The York Daily Report brings the dispatch that the Pennsylvania Supreme Court has refused to review the judgment in the taking of the old, vacant York jail building. The Board of Viewers — that’s Pennsylvania talk for commissioners — awarded $65,000, plus $4000 in attorneys fees. But when the case went to trial, the jury awarded $1,250,000, with interest running at the rate of $188 per day.
Dylan Segelbaum, York RDA AppearsStuck With 1.25 Million Bill for Old Jail After Court Refused hear Appeal, York Deily Report, Aug. 16, 2018.
Not much serious news in eminent domain except for the usual dull roar of more or less routine cases coming down now and then. But the US Supreme Court is sitting on two biggies. First, it has granted certiorari in the Knick case where briefs have been filed and nothing will happen until the after first Monday in October when the Supreme Court comes back from its annual recess and hears oral arguments. We are still watching in disbelief — pleasantly so for a change — as the US Solicitor General has filed an amicus brief on the Petitioner-Property Owner’s side, suggesting that SCOTUS dump the absurd Williamson County rule that requires property owners, unlike any other litigants, to refrain from suing in federal courts when their property is taken without the Just Compensation explicitly required by the Fifth Amendment.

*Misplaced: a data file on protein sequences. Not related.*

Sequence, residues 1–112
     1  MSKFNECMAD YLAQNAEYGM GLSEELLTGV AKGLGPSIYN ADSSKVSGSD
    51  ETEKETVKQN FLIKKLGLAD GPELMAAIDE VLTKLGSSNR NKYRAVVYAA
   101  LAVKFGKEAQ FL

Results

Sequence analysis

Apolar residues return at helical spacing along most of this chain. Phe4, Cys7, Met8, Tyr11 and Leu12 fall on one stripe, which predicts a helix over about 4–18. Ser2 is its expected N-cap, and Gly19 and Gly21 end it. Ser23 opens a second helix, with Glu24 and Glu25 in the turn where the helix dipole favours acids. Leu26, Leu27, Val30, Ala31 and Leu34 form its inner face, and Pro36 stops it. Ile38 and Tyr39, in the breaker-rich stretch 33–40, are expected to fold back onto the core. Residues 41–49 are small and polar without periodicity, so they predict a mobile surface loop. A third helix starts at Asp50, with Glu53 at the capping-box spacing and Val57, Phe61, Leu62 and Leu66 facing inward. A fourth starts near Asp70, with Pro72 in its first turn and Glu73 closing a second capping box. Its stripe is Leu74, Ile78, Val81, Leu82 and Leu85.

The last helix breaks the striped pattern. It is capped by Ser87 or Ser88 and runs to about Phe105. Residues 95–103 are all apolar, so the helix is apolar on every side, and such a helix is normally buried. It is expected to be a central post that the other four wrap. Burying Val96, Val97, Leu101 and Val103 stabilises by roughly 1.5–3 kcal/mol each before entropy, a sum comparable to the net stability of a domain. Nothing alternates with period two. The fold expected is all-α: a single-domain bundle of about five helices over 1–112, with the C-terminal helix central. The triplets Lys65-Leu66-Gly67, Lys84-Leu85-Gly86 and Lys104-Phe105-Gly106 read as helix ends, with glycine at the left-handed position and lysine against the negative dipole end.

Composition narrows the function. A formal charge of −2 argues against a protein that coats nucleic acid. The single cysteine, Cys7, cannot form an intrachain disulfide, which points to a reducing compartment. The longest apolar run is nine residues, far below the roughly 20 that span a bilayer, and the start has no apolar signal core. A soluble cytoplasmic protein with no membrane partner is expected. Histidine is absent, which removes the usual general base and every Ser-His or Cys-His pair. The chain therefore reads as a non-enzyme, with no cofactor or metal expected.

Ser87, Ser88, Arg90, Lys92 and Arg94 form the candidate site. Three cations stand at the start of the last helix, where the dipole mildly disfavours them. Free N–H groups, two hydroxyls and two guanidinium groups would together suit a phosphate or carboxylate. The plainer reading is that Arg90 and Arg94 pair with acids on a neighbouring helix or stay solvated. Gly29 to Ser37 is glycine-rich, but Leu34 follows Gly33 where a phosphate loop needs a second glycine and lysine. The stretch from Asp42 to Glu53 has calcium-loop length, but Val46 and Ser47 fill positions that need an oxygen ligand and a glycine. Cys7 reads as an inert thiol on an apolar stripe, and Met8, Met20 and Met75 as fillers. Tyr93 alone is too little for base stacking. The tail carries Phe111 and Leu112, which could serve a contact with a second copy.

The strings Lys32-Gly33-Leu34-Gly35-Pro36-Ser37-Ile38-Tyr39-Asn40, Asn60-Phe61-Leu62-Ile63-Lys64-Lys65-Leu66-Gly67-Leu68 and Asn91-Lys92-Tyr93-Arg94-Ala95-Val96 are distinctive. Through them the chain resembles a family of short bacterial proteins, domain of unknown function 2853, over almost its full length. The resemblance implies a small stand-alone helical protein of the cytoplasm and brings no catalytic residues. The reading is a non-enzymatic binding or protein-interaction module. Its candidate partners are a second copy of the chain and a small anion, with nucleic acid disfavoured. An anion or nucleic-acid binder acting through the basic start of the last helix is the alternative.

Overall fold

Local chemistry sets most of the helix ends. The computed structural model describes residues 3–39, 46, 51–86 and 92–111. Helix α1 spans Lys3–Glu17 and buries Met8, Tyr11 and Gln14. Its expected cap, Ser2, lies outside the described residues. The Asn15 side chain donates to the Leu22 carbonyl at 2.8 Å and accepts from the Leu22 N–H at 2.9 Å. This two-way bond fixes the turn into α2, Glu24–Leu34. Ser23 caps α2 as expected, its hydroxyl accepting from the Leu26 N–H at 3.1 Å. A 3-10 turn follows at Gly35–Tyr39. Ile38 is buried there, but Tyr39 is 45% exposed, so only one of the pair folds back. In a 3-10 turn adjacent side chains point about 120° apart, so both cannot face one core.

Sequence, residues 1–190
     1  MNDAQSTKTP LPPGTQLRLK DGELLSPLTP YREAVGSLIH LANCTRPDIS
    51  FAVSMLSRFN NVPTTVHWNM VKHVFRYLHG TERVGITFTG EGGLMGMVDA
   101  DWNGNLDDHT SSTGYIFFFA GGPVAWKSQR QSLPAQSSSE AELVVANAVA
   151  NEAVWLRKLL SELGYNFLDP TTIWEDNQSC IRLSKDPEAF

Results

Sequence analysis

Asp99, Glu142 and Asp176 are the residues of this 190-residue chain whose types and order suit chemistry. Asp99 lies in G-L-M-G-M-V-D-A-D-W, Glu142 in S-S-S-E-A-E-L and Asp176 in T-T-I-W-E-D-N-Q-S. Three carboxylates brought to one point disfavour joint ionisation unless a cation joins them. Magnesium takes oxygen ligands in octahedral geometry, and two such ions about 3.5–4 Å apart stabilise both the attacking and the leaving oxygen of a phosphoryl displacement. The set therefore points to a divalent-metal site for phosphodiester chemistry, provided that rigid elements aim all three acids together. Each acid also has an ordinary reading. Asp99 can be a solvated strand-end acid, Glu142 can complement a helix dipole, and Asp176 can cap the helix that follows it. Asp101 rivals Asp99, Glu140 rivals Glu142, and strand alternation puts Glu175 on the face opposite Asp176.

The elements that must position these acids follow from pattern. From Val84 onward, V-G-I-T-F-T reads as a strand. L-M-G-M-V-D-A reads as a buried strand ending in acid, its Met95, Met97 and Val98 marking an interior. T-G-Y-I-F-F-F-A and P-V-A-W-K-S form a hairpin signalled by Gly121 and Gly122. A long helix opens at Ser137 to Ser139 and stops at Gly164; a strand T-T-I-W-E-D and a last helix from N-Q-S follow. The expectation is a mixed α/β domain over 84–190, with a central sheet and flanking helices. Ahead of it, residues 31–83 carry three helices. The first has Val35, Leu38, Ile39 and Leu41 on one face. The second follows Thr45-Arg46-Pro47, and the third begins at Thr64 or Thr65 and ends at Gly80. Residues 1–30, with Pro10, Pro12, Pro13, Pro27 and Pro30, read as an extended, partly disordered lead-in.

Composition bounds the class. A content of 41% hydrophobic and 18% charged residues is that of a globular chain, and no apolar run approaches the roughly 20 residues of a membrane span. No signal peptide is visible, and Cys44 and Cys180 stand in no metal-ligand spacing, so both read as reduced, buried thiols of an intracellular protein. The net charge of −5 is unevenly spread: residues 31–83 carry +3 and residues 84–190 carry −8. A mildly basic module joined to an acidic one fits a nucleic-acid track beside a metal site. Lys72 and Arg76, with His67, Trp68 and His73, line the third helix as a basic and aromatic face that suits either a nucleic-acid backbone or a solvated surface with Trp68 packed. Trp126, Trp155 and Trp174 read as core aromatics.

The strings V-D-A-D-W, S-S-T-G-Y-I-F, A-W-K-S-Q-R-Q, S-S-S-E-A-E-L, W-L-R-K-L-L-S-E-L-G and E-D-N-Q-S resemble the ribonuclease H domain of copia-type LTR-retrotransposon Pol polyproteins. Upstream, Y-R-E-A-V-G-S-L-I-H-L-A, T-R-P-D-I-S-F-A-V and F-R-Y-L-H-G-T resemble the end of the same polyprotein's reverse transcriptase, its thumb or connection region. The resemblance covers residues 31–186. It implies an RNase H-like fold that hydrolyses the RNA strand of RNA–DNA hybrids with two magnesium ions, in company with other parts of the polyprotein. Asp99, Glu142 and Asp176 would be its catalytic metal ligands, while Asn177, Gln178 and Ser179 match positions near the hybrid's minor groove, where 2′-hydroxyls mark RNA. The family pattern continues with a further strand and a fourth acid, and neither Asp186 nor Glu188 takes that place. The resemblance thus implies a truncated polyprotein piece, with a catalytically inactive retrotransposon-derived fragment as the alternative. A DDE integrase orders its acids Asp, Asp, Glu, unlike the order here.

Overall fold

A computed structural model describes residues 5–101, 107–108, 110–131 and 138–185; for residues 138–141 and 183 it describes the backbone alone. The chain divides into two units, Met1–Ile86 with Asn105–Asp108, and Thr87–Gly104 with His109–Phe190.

So stay tuned folks. It shouldn’t be much longer, and we hope that it won’t turn out to be some sort of “October Surprise,” what with one Supreme Court seat vacant and no realistic hope of it being filled expeditiously.
The other case, the one in which a land owner’s petition for certiorari has been pending for some time is the California Martin’s Beach case where California courts — who else? — have decreed that the owner of a parcel of oceanfront land must open his property to the general public so its members can disport themselves on the beach, without payment of just compensation for this uncompensated imposition of a public access easement in open defiance of the SCOTUS decision in the Kaiser-Aetna case, holding that the right to exclude strangers from one’s land is the most important property right. This one has been sitting up there for a while so it’s fair to surmise that at least it isn’t being treated as a routine case so far.
So as we are fond of saying, stay tuned on that one too.